20 An Example Process Cell
S88 As We (Users) See It 3/31/2017 An Example Process Cell Material Charging Material Selection Pressure Control Process Cell Mix FT M Unit PT Temperature Control TT Discharge and Recirc Equipment Module Control Module Pump FT The Secret Life of S88 June 11, 2009 James H. Parshall

21 Defining a Unit Batching cannot occur without units
S88 As We (Users) See It 3/31/2017 Process Cell Defining a Unit Unit Equipment Module Control Module Batching cannot occur without units Batching occurs in units Units perform one or more major processing activities A unit is used on only one batch at a time A Unit runs a recipe Combine ingredients, or perform a reaction Adds value to your product or intermediate Units function independently of each other The Secret Life of S88 June 11, 2009 James H. Parshall

22 Examples of Units: Is Not a Unit Is a Unit Mix-making batch tank 4
S88 As We (Users) See It 3/31/2017 Examples of Units: Is Not a Unit Is a Unit Mix-making batch tank 4 Pasteurizer 4 Reactor 4 Pump 4 Ingredient storage tank 4 Washing machine 4 A dishwasher is a great example of a unit since it more or less runs a recipe, and we consider cleaning dishes and silverware as adding value. Kitchen blender 4 Refrigerator 4 Dishwasher 4 The Secret Life of S88 June 11, 2009 James H. Parshall

23 S88 As We (Users) See It 3/31/2017 Process Cell Equipment Modules Unit Equipment Module Control Module Equipment modules group devices for performing one or more specific minor processing activities Equipment modules run portion(s) of a recipe FT Mix M Material Charging Equipment Module The Secret Life of S88 June 11, 2009 James H. Parshall

24 S88 As We (Users) See It 3/31/2017 Process Cell Control Modules Unit Equipment Module Control Module Control modules “connect” software to the process through sensors and actuators Act as a single entity from a control standpoint Carry out Basic Control – they do not contain procedural control Material Selection Temperature Control TT The Secret Life of S88 June 11, 2009 James H. Parshall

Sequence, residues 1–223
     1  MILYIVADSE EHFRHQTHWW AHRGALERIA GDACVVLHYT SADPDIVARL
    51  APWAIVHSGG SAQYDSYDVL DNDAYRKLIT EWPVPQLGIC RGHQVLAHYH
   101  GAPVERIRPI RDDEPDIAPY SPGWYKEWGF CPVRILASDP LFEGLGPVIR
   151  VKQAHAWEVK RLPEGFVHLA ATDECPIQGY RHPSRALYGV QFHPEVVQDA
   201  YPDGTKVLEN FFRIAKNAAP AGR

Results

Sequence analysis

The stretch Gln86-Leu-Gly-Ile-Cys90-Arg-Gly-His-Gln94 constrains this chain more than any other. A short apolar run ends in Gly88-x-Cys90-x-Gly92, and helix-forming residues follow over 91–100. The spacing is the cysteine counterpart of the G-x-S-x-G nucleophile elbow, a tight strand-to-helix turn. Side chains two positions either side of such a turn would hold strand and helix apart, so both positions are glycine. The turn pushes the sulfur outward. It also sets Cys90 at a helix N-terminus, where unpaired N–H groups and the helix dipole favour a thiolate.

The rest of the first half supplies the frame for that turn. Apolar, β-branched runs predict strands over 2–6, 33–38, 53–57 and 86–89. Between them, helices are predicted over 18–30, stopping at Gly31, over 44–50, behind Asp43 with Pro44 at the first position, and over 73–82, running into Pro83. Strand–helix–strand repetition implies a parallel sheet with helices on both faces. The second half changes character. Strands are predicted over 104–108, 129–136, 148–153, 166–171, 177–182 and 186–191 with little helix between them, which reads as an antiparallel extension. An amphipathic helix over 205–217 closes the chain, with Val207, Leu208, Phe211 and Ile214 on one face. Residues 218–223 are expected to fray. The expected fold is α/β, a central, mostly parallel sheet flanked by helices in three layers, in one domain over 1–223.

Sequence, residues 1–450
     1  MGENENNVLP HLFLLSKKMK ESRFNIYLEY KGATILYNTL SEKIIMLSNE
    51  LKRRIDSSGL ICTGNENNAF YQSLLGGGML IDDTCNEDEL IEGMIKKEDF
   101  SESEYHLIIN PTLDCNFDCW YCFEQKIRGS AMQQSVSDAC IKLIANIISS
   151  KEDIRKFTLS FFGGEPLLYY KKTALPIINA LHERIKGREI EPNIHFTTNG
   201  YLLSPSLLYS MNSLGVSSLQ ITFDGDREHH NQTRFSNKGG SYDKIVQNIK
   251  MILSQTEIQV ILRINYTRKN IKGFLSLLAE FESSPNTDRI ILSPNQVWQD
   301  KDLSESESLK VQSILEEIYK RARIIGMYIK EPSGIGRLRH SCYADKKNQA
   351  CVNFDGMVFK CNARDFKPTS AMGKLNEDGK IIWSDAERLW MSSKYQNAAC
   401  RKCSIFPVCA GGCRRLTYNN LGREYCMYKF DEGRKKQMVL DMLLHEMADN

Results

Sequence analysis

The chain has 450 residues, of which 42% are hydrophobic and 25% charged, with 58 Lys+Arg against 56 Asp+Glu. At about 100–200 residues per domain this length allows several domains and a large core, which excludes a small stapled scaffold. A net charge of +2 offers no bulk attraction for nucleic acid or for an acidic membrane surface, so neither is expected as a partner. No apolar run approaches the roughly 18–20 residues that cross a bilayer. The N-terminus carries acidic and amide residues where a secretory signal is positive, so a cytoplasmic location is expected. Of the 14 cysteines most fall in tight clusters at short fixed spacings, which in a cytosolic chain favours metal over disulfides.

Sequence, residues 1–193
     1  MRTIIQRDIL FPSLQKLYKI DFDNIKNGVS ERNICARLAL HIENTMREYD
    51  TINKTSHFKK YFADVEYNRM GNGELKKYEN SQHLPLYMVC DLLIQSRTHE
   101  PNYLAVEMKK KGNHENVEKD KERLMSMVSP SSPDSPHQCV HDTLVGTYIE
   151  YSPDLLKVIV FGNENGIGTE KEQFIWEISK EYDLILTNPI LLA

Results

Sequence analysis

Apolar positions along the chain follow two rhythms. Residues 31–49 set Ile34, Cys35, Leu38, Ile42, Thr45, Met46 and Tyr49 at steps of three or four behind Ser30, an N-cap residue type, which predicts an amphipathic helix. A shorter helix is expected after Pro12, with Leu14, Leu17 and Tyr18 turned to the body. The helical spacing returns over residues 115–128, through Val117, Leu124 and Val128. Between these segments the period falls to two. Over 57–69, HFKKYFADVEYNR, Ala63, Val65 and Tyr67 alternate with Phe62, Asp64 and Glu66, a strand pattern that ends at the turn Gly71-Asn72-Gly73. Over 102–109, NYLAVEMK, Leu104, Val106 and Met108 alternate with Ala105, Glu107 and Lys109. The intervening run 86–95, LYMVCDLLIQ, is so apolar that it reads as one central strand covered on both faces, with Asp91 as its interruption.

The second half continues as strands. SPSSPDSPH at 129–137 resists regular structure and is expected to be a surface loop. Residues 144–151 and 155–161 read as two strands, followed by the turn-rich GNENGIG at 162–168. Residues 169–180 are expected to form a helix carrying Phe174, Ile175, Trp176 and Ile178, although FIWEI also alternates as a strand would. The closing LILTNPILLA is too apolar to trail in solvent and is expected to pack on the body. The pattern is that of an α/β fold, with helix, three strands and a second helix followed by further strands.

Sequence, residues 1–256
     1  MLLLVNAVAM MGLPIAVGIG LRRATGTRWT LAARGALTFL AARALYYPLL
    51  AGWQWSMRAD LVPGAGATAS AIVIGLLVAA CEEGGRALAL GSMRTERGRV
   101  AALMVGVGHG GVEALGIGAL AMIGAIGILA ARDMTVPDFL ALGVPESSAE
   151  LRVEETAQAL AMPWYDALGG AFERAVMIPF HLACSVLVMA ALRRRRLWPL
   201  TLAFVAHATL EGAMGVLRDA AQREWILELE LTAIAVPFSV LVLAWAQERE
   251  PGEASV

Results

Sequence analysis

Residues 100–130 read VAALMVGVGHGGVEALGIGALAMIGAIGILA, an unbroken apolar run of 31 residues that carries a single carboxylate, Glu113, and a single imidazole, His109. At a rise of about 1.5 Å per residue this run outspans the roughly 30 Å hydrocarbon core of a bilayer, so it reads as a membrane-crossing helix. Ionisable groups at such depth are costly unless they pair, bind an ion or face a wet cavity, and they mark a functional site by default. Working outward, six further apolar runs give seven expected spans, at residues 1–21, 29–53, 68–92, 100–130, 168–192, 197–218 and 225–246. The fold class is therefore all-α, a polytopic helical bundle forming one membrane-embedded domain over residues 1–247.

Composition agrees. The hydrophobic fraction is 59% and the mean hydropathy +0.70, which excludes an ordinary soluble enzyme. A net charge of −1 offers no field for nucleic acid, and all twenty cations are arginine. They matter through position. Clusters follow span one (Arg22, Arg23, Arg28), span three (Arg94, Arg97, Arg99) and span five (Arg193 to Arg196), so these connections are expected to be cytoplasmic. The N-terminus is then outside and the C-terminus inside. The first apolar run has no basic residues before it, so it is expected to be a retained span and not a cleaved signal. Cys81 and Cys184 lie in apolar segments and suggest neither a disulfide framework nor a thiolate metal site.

25 Physical Model is Collapsible
S88 As We (Users) See It 3/31/2017 Physical Model is Collapsible Process Cell Although a process cell must contain at least one unit: A control module does not have to be part of an equipment module to be part of a unit A unit can “own” control modules directly Unit Equipment Module Control Module The Secret Life of S88 June 11, 2009 James H. Parshall

26 S88 As We (Users) See It 3/31/2017 S88 The Procedural Control Model Sequence of steps necessary to produce a batch. Defines the sequential control that enables equipment to perform the process task. Used to develop the Recipe Procedures section of the Master Recipe The specific control setpoints, quantities, controller modes, etc. required to make a defined quantity of a certain product Procedural control is a characteristic of batch processes. Orders the Control Modules to change setpoints or modes, change tuning parameters, reset alarms, change limits, etc. The Secret Life of S88 June 11, 2009 James H. Parshall

27 Procedural Control Model
S88 As We (Users) See It Procedural Control Model 3/31/2017 Defines the process strategy for making a batch within a process cell A hierarchy of the actions that are performed to complete a batch Procedure Unit Operation Phase Make PDMS Defines the actions that are performed on a Unit Consists of an ordered set of Operations that control the functions of the unit Polymerize Remove Low Boilers Cool Product Defines an ordered set of phases that are arranged to perform a particular function within a unit -One or more operations could occur simultaneously Prepare Reactor Add Ingredients Heat Description of the step-by-step procedures to produce the batch. Phases are the lowest level of the Procedural Model. Phases tell the Equipment Modules in the Physical Model what to do by setting the Equipment Module in a particular state. As Equipment Modules change state, work gets done. Operations are an ordered/organized set of phases. Operations cause the phases to occur in the proper order to make the desired product. Unit Procedures are the series and parallel sets of operations that control the activities of a unit (in the equipment model.) A Procedure is the set of ordered unit procedures required to make a batch. Defines a simple action or command to set or change the state of an Equipment Module -Can be subdivided into steps and transitions Add 245 Add Endblocker The Secret Life of S88 June 11, 2009 James H. Parshall 27